On this page:
- How is a Jury Selected?
- Why do some juries get discharged during trials?
How is A Jury Selected?
Potential jurors are summonsed to attend Court – providing they are eligible to attend jury duty. They are generally formed into groups of between 24 and 36 people called the jury panel. The jury panel then attends the court and the accused person confirms the plea of not guilty. The crown prosecutor gives an indication of what the matter is about and the names of potential witnesses – to make sure that a potential jury member does not have a personal difficulty in being able to fairly sit as a juror and to make sure that the potential juror does not know a witness.
Each member of the jury panel is given a number and the numbers of 12 people are drawn from a box. Those 12 then go to the jury area where both the prosecution and the accused have the right to challenge up to 3 people. No questions can be asked of the jury members – selection of a jury is very much a product of the experience of the criminal lawyer. There is no substitute for experience. If a potential jury member is challenged, they stand down and another number is drawn.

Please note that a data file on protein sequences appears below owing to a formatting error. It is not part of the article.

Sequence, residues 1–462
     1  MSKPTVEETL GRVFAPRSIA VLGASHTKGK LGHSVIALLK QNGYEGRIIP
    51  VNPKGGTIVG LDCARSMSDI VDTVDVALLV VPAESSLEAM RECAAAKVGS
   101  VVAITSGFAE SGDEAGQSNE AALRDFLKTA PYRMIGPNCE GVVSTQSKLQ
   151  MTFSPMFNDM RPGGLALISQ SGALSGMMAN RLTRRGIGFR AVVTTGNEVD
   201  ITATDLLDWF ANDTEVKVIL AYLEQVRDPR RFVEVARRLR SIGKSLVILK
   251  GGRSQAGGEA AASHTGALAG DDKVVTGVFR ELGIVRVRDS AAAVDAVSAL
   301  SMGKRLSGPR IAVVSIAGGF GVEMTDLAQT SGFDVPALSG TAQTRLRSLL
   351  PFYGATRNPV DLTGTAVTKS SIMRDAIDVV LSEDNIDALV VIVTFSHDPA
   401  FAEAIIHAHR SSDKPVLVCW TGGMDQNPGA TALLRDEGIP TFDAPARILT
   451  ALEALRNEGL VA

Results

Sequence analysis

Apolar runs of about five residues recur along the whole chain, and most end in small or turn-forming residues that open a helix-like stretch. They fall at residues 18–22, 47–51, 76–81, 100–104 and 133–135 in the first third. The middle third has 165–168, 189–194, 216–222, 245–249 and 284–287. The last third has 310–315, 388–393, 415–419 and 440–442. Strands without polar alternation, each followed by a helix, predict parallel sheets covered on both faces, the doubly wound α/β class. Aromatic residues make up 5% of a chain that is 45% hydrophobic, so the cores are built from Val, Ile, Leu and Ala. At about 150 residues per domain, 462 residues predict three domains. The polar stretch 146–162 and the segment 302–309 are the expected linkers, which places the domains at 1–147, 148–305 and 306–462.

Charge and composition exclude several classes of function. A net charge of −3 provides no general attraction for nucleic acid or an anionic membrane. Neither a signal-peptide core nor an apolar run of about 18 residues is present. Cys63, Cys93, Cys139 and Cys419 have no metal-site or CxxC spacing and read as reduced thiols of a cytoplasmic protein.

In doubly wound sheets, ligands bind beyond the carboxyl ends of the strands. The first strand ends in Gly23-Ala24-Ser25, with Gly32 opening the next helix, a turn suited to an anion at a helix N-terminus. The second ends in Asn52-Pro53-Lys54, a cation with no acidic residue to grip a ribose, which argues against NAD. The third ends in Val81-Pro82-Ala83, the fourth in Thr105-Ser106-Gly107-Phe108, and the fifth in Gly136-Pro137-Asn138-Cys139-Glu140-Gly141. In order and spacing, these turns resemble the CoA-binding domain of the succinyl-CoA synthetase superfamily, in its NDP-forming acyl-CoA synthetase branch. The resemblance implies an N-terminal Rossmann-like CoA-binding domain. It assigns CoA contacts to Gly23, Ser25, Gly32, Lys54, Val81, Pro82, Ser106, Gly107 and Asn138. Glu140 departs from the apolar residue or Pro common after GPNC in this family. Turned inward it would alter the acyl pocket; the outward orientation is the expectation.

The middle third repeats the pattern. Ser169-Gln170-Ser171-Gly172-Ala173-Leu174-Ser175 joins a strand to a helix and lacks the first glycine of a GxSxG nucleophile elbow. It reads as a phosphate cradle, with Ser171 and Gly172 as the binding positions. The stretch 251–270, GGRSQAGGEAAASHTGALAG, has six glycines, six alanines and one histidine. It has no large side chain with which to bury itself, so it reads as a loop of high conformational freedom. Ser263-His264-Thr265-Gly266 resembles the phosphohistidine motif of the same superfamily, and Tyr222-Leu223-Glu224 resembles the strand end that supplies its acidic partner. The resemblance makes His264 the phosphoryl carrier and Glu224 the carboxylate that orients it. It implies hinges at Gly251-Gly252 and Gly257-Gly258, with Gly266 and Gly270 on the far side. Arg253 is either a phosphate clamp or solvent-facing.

Why do some juries get discharged during trials?
Juries can be discharged if some members are found to be not paying attention; if a witness discloses something that is unfairly prejudicial to the accused and not permitted by the rules of evidence; where it is shown that jurors have been making their own inquiries about the matter instead of limiting their attention to the evidence; where a juror becomes ill during a trial and it is considered unfair to the accused to proceed – there are many potential reasons. Ultimately, the trial of an accused person must be fair.
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